Idle no more – Aboriginal People and Groups plan day of action and peaceful protest

Posted 10 December 2012 by in Aboriginal

Aboriginal News Splash THUNDER BAY – The federal government is moving forward with proposed changes to legislation that will impact First Nations people across Canada. December 10th is being marked as a start of protests against that legislation. Today in Thunder Bay Aboriginal people are planning a protest rally at the local INAC office starting at 10AM.

Under the title of ‘Idle no more’ the rally is according to organizers “A peaceful call to action requesting acts of solidarity against government and industry actions that use legislation and disregard free, prior and informed consent to further their agendas in the name of profit and progress disregarding the natural law to live as one with Mother Earth”.

The rally is not limited to Thunder Bay it is a national call for action as December 10th marks the international day for Human Rights.

The group states, “Idle No More is requesting that all our relations take part in a peaceful demonstration of solidarity.  As we all know the government and numerous corporations have been overriding and ignoring our basic human rights through policies, legislation and industry activities for profit. The government and industries have been failing to implement the United Nations Declaration Rights of Indigenous People. They have also been ignoring and pacifying the need to be responsible and live as one with Mother Earth”.

Under what is being called a National Day of Action and Solidarity, First Nations and their supporters have organized more than 13 nation-wide rallies for Monday (December 10) to express opposition the legislation the Harper Government has put forward in Bill C-45 and other bills.

The movement, under the banner “Idle No More” (#IdleNoMore) emerged within the grassroots less than four weeks ago in Saskatchewan. It began as an effort to educate First Nations people on the multitude of legislation being put forward by the Harper government that they feel is a direct attack on the rights of First Nations. The organizers Sylvia McAdam, Jess Gordon, Nina Wilson and Sheelah Mclean began by organizing “teach-ins” to inform people.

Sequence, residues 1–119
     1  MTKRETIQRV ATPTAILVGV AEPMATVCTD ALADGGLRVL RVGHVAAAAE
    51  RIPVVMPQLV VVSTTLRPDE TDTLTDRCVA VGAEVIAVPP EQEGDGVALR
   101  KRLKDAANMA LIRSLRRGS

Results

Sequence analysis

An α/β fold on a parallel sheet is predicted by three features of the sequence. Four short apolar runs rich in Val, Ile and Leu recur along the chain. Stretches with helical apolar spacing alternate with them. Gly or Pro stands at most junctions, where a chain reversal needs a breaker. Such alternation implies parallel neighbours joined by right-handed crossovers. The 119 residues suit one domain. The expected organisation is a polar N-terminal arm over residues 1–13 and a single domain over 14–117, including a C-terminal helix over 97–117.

On Dec. 2, when another Idle No More session was called in Alberta, more than 150 people drove into Louis Bull First Nation on a Sunday to hear what the presenters had to say. The organizer for that event, Tanya Kappo, took to Twitter and Facebook to help generate awareness on the matter as the passage of Bill C45 was imminent. Says Kappo, “the people in our communities had absolutely no idea what we were facing, no idea what plans Stephen Harper had in store for us.” Sylvia McAdam, one of the organizers of the original Saskatchewan events stated, “We are not really surprised by the amount of support coming spontaneously from the grassroots and from the Chiefs, because we knew we could no longer stay silent in the face of what is a legislative attack on First Nation people and the lands and waters across the country.”

McAdam said, “Bill C 45 is not just about a budget, it is a direct attack on First Nations lands and on the bodies of water we all share from across this country.”

“We as a collective must do what we as individuals feel is the best way to show the government and corporations that we will no longer be silent and apathetic to their activities.  We are now suggesting to our relatives throughout Turtle Island to attend the government buildings (offices of MP’s, MLA’s, legislative buildings) as well as industry corporate offices to demonstrate that we do not agree with their practices”.

If the movement grows, and recent efforts, especially by First Nations youth are showing growing ability to get their word out to the world as demonstrated by Shannen’s Dream, then the Harper government may have awoken a real sleeping giant.

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